Sir John Tomlinson Brunner, 1st Baronet

Sir John Tomlinson Brunner was a British chemical industrialist and Liberal Party politician. At Hutchinson's alkali works in Widnes he rose to the position of general manager. There he met Ludwig Mond, with whom he later formed a partnership to create the chemical company Brunner Mond & Co., initially making alkali by the Solvay process. As a Member of Parliament, he represented Northwich, Cheshire, in 1885–1886 and then from 1887 to 1910.

He was a paternalistic employer and as a politician supported Irish Home Rule, trade unions, free trade, welfare reforms and, leading up to the First World War, a more sympathetic stance towards Germany. Brunner was a prominent Freemason, and a generous benefactor to the towns in his constituency and to the University of Liverpool. He is the great grandfather of the Duchess of Kent.

John Tomlinson Brunner was born in Everton, Liverpool, the fourth child and second son of John Brunner (b. 20 June 1800), a Swiss Unitarian and schoolmaster, and Margaret Catherine Curphey (d. 8 September 1847), who originated from the Isle of Man, daughter of Thomas Curphey and wife Margaret Leece. His father established a school in Netherfield Road, Everton, known as St George's House, to teach children along the lines advocated by Pestalozzi. Brunner's mother died in 1847, when he was aged five; his father married Nancy Inman in 1851. She had a shrewd business sense and Brunner gave credit to her for teaching him skills in practical matters. Brunner was educated at his father's school and then, at the age of 15, he decided to follow a career in commerce.[3] He spent four years in a shipping house in Liverpool, but found it neither exciting nor lucrative, and so decided on a change of career. In 1861, Brunner took a clerical post at Hutchinson's alkali works in Widnes, where his older brother Henry was already working as technical manager. There, he rose to the position of general manager. Shortly after starting work at Hutchinson's, Brunner met the German-born chemist Ludwig Mond.

Brunner was a generous benefactor whose gifts included the provision of schools, guildhalls and social clubs. In Northwich he provided a free library and re-endowed Sir John Deane's Grammar School. In Runcorn he purchased a disused chapel and presented it to the town to be used by the trades unions and the Friendly Societies,[38] and in nearby Weston village he bought a disused school and gave it to the local community to serve as its village hall. He also endowed the chairs of economics, physical chemistry and Egyptology (the Brunner Professorships) at the University of Liverpool.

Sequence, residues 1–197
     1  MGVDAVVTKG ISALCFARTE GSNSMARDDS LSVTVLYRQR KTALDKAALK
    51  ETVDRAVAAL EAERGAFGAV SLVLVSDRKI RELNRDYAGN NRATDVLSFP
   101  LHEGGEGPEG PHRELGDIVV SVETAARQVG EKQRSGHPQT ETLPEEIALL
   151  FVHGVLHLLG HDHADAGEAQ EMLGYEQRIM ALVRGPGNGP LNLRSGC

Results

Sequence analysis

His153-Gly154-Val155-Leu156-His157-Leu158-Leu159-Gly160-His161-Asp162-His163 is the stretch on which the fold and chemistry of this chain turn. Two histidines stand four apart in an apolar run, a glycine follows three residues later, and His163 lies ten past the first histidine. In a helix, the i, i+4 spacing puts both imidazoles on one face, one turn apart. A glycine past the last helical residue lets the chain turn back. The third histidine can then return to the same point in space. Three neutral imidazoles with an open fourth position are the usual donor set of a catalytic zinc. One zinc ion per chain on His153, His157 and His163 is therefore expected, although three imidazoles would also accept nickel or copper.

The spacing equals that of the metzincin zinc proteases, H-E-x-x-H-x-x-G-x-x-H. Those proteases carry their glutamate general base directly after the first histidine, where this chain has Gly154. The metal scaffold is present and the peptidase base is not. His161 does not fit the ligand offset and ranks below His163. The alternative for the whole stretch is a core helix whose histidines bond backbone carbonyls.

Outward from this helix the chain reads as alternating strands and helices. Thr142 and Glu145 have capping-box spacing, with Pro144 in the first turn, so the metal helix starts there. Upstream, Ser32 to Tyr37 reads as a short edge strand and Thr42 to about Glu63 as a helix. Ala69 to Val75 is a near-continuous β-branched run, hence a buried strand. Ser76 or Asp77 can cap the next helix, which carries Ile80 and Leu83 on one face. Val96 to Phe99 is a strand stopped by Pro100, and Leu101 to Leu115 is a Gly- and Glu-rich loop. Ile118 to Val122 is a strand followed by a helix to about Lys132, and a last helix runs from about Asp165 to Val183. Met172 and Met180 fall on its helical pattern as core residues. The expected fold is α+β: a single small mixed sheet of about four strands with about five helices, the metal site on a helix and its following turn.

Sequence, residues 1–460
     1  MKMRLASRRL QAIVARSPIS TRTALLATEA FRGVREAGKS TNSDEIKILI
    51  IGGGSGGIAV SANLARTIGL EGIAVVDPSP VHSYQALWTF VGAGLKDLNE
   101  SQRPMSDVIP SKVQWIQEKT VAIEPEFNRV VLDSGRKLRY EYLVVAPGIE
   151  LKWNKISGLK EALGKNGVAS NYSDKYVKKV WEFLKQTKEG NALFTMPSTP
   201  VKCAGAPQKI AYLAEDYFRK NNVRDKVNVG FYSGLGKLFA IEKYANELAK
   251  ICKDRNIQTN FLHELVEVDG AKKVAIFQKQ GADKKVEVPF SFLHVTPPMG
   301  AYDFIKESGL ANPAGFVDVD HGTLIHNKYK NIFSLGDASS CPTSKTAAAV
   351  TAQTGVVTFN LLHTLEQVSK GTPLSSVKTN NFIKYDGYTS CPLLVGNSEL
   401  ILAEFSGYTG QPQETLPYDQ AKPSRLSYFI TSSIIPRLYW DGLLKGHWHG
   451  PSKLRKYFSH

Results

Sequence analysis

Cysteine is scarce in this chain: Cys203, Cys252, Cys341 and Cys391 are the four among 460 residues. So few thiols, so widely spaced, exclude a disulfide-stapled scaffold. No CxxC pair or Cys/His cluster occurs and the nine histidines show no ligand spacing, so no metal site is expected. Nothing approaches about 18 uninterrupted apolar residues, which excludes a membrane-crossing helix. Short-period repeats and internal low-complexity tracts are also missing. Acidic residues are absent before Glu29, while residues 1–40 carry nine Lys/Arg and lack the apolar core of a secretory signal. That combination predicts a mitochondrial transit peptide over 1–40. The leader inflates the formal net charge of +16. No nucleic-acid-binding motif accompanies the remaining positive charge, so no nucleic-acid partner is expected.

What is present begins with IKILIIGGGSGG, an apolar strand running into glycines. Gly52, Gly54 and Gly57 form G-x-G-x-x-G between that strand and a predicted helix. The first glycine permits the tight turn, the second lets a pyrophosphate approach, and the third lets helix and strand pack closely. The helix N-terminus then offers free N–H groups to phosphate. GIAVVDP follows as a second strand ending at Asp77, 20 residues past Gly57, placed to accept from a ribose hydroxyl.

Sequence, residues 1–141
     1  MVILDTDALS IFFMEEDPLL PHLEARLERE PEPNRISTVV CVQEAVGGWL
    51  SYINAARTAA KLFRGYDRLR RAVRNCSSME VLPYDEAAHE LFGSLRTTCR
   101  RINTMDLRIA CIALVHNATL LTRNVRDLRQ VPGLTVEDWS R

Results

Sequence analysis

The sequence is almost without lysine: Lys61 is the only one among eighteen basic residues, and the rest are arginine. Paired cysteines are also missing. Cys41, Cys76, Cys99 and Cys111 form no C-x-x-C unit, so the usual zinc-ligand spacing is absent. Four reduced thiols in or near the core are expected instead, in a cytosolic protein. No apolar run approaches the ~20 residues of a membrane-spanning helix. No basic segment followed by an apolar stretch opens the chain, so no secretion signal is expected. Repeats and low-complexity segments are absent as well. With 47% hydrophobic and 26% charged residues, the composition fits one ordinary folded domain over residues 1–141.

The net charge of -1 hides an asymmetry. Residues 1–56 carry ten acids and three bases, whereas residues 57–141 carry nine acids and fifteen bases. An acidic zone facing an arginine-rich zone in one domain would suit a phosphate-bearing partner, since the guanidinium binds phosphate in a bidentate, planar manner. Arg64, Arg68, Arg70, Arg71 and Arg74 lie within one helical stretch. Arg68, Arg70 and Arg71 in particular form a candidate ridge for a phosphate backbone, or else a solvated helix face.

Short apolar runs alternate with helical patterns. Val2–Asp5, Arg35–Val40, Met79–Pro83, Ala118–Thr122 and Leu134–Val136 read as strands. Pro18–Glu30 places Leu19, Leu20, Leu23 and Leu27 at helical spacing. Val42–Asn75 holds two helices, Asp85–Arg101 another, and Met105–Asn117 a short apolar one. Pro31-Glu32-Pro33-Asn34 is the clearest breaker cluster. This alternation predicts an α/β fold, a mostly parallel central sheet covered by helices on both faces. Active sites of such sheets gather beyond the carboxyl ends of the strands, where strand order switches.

Abroad he gave gifts to the Landesmuseum in Zürich and provided a hospital, also in Switzerland. In 1885 he became a Freemason and in 1900 founded the John Brunner Lodge at Over Winsford. The following year he was honoured with the brevet rank of Past Grand Deacon of England.

In 1899 Brunner (who had by then been created a baronet) became chairman of the Runcorn and Widnes Transporter Bridge Company. He subscribed £25,000 (£2.9 million in 2022) towards its construction plus a loan of £12,000 (£1.4 million in 2022)[6] together with a personal guarantee on a bank loan of £31,000 (£3.6 million in 2022). When the building of the bridge was complete in 1905 it was due to be opened by Edward VII, but the king was unable to attend, and so Brunner performed the ceremony himself. By 1911 it had become apparent that the bridge would always operate at a loss, and Brunner assigned his interest in it to Widnes Corporation. The Times stated that this action amounted to a "virtual gift of £68,000" (£7.1 million in 2022)

Brunner believed that his success owed much to the "courage and independence of thought" that he derived from his Unitarian faith and recalled the influence of visits to Renshaw Street Unitarian Chapel with his father as a child. On 14 June 1864 Brunner married Salome Davies, the daughter of a Liverpool merchant with whom he had six children. Salome died on 29 January 1874 and the following year he married Jane Wyman, the daughter of a Kettering physician and the governess to his children.[3] From this marriage three more children, all daughters, were born. On 8 September 1890 his oldest son, John, got into difficulties whilst swimming in Lake Como, Italy. He was rescued by his younger sibling, Sidney Herbert Brunner, who lost his life in the process. Sidney's body was found on 10 September and buried in Bellagio, beside the lake, the next day. In 1891 the Brunners moved from Winnington Hall to Wavertree, a suburb of Liverpool.

Amongst other offices held, he was Vice-President of the British Science Guild, Deputy Lieutenant for the County of Lancashire (from 1904) and Pro-Chancellor of the University of Liverpool. In 1909 the University of Liverpool awarded him the honorary degree of Doctor of Laws. In 1895 he was made the Baronet of Druids Cross in the County of Lancashire and in 1906 he became a member of the privy council, but he declined offers of a peerage. He died in 1919 at his home in Chertsey, Surrey. His estate amounted to over £906,000 (£43 million in 2022). In addition, he had given generously to his five married daughters, and had transferred investments to his sons.

John Brunner